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Eye On Boise

Idaho Rep. Labrador calls Burns protesters ‘peaceful’ practitioners of ‘civil disobedience’

Idaho GOP Rep. Raul Labrador (AP file / Jacquelyn Martin)
Idaho GOP Rep. Raul Labrador (AP file / Jacquelyn Martin)

Idaho Rep. Raul Labrador is drawing attention today for defending the armed protesters who took over an eastern Oregon wildlife refuge as “peaceful” practitioners of “civil disobedience.” At a “Conversations with Conservatives” event on Capitol Hill today hosted by the Heritage Foundation, Labrador was asked about the standoff.

The Hill, a Washington, D.C. newspaper that covers Congress, reported that Labrador’s response “stood in contrast to those of many Republicans who have condemned the protests that began Saturday night at the Malheur National Wildlife Refuge” near Burns, Ore. The paper quoted Oregon GOP Rep. Greg Walden, whose district includes the refuge, telling Congress he believed the takeover was “not appropriate” and calling on the protesters to “go home.” It also quoted GOP presidential candidates Ted Cruz, Marco Rubio and Donald Trump, all of whom condemned the protests. “We don't have a constitutional right to use force and violence and to threaten force and violence on others,” Cruz said.

Labrador said, “The issue in the West that people here in the East don’t understand is that we have, in Idaho it’s over 65 percent of our lands are owned by the federal government. It’s the same thing in most of the states in the West. And what we have is frustration, where you have the BLM, we have other federal agencies that keep taking over the lands.”

He decried the five-year prison sentences for arson handed down to two Burns area ranchers, prompting the protests, and noted that though a federal judge found that long of a sentence inappropriate, the 9th Circuit Court of Appeals overturned him, ruling that that was what federal sentencing laws required. “It’s one of the reasons that I actually have embarked into sentencing reform,” Labrador said. “This is the prototypical case where a judge would have been able to make a decision that was just and fair, as opposed to having the sentencing guidelines say that you must go to prison for five years for a particular crime. And so you have all the frustration happening with the takeover of the lands by the federal government, with an unjust sentence, and you have just a frustration that they feel the federal government is not listening to them.”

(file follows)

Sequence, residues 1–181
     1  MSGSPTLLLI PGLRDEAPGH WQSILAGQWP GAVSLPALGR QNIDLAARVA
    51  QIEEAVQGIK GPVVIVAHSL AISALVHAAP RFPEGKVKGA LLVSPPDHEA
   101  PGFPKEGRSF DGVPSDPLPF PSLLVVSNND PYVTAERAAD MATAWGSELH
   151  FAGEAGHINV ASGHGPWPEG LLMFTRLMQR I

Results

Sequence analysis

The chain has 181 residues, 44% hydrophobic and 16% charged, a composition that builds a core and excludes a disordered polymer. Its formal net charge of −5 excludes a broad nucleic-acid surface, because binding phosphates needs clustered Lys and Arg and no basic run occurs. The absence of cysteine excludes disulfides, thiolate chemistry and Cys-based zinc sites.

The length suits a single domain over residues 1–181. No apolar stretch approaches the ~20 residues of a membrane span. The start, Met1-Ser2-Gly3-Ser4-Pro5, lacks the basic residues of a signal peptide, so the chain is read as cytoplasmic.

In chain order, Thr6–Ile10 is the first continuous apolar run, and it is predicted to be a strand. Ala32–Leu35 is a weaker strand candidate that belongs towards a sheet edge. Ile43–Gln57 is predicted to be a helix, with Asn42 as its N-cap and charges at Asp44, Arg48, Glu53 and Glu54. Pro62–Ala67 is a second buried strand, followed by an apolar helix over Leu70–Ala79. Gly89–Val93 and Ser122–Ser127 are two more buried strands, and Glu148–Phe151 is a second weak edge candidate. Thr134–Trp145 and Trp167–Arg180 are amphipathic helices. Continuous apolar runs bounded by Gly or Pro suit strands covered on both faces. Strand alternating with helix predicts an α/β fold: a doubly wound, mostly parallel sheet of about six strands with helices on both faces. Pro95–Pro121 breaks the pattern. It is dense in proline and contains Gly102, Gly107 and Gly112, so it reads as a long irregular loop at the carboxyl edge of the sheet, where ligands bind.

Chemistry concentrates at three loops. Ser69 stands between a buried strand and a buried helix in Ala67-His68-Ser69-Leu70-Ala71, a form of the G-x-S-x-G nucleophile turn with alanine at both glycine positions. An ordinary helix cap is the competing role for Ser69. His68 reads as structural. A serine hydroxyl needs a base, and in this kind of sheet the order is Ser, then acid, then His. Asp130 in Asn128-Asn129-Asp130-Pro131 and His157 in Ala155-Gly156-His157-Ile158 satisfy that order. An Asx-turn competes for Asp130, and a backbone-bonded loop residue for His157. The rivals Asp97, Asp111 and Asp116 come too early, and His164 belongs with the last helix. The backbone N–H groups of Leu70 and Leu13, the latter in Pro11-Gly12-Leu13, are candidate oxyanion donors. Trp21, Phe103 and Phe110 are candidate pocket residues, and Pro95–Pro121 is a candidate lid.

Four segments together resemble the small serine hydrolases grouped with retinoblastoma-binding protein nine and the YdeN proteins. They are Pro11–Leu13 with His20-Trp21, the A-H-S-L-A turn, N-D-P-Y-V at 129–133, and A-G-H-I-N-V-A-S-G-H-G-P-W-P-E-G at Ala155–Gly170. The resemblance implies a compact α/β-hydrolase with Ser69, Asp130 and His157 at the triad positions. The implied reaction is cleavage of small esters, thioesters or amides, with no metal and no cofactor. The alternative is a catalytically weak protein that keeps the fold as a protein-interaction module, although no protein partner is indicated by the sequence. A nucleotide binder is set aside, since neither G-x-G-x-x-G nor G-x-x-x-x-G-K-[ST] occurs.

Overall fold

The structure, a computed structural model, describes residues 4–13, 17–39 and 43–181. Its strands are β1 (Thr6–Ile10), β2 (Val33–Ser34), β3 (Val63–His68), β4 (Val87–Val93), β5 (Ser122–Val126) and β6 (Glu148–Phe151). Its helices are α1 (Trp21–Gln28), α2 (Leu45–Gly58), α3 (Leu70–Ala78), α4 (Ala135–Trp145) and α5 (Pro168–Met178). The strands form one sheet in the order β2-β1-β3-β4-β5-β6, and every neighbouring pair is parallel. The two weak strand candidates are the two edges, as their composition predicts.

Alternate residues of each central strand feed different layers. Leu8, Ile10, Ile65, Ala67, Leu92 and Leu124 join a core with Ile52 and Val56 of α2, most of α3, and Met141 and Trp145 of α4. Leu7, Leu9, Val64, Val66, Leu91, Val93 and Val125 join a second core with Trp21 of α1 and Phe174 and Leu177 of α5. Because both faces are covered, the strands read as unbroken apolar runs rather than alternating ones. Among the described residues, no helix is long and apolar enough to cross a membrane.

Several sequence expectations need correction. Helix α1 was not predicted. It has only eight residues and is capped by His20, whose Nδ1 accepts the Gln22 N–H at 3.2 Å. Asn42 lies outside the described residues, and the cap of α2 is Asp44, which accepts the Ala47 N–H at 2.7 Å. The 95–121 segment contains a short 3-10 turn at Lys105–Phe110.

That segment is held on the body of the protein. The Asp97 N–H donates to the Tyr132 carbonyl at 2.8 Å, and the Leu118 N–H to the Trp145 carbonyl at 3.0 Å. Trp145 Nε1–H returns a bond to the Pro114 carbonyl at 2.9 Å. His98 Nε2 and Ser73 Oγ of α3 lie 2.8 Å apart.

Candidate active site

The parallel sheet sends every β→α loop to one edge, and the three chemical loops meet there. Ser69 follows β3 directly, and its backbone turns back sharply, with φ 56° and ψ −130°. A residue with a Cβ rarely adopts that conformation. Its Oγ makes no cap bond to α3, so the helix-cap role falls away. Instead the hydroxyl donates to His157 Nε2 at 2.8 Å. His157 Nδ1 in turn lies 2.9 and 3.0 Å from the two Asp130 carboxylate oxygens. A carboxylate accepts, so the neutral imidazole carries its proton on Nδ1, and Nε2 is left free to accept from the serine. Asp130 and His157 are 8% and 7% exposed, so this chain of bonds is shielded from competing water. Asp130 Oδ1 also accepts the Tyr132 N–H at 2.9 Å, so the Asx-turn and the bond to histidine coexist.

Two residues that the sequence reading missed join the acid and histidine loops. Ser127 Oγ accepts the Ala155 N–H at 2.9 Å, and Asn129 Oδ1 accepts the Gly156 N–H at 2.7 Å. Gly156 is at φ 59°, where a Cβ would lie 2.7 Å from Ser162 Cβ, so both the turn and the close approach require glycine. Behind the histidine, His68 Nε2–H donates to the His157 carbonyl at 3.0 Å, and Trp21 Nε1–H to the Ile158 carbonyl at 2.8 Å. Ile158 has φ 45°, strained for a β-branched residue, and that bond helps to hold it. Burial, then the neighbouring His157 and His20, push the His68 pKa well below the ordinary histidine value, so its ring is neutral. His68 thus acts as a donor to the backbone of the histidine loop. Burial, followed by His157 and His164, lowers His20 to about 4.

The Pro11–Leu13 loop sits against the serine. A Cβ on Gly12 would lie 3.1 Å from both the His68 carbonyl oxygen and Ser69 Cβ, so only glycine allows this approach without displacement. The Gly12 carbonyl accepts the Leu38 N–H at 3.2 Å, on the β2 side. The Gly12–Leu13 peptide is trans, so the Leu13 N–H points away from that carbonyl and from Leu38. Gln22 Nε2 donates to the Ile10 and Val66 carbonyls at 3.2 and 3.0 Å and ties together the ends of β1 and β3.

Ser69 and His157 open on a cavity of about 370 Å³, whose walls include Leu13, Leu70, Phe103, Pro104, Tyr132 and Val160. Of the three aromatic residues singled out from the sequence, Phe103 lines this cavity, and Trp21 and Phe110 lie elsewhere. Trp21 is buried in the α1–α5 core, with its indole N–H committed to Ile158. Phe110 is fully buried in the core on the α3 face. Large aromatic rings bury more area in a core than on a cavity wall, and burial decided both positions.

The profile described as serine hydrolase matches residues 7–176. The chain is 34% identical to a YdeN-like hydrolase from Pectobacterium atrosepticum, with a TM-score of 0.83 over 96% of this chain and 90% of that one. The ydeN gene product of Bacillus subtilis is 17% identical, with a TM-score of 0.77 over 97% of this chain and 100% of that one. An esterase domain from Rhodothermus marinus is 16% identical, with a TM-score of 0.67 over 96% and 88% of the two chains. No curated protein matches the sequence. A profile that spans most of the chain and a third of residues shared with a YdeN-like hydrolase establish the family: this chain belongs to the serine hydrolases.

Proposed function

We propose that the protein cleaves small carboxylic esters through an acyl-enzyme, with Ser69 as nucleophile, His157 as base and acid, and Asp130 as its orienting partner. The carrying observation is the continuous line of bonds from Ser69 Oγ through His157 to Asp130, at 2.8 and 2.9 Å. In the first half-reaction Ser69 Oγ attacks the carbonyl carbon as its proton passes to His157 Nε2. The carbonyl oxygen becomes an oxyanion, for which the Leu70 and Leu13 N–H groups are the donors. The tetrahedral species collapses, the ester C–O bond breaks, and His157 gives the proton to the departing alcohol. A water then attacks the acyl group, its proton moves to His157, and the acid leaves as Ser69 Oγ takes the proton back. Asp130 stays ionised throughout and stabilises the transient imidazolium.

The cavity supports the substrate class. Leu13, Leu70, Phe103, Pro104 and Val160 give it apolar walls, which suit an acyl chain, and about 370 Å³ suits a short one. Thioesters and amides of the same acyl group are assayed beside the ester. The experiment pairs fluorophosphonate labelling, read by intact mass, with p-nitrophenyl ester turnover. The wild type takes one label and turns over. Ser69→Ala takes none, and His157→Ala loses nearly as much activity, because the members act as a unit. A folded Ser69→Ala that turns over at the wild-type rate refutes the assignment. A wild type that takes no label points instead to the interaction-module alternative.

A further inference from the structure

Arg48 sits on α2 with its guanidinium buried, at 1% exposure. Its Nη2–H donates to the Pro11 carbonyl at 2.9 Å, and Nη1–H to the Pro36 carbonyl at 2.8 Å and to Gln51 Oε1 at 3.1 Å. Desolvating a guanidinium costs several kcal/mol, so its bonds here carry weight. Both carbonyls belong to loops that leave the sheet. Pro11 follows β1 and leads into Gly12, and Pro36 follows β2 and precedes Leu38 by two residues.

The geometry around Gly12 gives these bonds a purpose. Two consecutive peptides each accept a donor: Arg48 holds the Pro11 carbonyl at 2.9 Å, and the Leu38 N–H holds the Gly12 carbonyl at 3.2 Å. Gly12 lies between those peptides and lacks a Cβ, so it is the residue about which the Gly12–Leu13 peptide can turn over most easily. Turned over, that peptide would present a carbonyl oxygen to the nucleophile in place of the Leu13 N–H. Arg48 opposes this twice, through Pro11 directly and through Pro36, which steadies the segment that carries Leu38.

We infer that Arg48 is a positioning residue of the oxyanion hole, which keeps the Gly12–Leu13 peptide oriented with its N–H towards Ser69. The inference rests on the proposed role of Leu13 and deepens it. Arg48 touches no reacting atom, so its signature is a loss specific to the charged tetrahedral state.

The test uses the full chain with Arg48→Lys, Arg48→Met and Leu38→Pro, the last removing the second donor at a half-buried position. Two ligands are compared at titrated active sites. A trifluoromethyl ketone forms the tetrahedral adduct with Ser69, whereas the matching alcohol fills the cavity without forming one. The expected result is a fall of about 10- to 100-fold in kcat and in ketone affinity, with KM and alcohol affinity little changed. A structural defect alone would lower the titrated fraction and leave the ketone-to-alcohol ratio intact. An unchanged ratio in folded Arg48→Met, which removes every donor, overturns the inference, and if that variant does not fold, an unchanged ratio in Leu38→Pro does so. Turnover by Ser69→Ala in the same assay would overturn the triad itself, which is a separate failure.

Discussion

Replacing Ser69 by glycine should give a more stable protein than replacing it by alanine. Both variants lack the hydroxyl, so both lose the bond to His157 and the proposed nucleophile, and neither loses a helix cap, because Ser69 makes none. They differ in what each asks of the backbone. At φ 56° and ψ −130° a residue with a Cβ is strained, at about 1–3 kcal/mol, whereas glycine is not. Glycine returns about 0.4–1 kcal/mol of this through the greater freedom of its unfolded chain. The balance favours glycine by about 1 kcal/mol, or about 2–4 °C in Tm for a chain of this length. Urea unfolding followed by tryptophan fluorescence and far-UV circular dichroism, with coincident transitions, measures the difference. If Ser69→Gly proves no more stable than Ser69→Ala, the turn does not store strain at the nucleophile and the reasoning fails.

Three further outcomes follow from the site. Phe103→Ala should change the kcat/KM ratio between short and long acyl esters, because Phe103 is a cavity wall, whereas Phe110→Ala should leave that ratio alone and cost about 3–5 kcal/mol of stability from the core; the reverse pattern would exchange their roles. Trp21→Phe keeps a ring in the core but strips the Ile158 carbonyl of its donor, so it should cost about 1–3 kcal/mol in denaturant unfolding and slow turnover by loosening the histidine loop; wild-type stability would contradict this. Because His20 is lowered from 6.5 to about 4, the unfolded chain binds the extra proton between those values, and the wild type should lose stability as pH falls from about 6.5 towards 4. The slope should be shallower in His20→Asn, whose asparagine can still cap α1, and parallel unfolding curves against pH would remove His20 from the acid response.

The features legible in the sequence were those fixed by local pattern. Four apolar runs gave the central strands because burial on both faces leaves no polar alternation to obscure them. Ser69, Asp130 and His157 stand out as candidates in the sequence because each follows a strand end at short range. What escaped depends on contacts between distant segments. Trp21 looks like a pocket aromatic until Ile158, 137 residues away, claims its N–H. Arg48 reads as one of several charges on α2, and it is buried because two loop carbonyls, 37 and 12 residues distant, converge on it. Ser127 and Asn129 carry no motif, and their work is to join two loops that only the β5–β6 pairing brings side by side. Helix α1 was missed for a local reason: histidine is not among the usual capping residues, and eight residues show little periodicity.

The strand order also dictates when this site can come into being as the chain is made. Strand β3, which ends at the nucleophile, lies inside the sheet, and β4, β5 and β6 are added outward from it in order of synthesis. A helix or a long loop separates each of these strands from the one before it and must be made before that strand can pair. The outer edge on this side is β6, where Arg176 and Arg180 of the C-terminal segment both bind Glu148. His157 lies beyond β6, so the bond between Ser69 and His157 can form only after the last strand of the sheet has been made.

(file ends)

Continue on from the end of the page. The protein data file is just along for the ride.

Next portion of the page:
“And that’s what leads to what so far has been a peaceful takeover of an abandoned building, by the way,” Labrador said. “And I think the media is quick to sort of cast aspersions on that group of people, but you’ll have a person in the middle of a crowded field yell ‘Allahu Akbar’ and actually shoot at people, and the media says, ‘Wait a second, we should not make any judgments here.’ But these people, what they have done so far, and hopefully they will continue to do it in a peaceful way, they are trying to express their frustrations. And I think civil disobedience has been something that for the most part the liberal media used to stand up for, but apparently there’s some exceptions to that, and that’s when conservatives and pro-Second Amendment people are trying to exercise that same right of civil disobedience.”

Rep. Steve Pearce, R-New Mexico, noted a distinction between the Bundy brothers who are leading the armed takeover, and Dwight and Steven Hammond, the two ranchers now serving the prison term on arson charges for burning public land. “I’m not taking a side on the Bundys - I think that’s a side show,” Pearce said. “I think the Hammonds are the ones in the West that have been badly treated.”

Rep. Thomas Massie, R-Kentucky, said he agrees with Labrador on sentencing reform, but noted, “We have the power to fix it in Congress. … We can blame the court, but this is a law that we have caused. We can fix this. … I hope we do fix it. We could fix this next week, the Senate could fix it probably a week later, and the president could sign it.”

You can read The Hill’s full article here, and see the full video of the exchange online here; it begins about 23 minutes into the video. My full story is online here at spokesman.com.

 




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Betsy Z. Russell
Betsy Z. Russell joined The Spokesman-Review in 1991. She currently is a reporter in the Boise Bureau covering Idaho state government and politics, and other news from Idaho's state capital.

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